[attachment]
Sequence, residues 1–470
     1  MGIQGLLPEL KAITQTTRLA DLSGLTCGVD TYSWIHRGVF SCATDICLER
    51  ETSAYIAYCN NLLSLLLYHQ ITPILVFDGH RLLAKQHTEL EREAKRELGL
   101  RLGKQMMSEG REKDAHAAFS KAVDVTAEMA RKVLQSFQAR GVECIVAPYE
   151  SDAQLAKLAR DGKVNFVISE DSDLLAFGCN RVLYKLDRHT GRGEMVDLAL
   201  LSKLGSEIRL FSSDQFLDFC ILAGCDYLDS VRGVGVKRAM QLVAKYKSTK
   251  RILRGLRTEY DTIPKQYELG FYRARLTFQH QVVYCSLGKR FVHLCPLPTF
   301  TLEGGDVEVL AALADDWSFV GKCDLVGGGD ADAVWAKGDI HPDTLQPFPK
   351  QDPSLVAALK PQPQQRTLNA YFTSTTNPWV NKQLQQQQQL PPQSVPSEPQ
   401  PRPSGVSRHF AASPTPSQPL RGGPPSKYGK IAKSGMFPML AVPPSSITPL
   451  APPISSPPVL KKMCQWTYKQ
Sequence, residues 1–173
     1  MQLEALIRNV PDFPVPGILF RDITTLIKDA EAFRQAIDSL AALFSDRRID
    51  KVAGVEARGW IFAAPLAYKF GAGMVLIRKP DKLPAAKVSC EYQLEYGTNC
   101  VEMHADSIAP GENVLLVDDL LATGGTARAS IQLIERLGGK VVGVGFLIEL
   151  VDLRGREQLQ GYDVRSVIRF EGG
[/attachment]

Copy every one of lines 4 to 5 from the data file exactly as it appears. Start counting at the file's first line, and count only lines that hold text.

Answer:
   101  RLGKQMMSEG REKDAHAAFS KAVDVTAEMA RKVLQSFQAR GVECIVAPYE
   151  SDAQLAKLAR DGKVNFVISE DSDLLAFGCN RVLYKLDRHT GRGEMVDLAL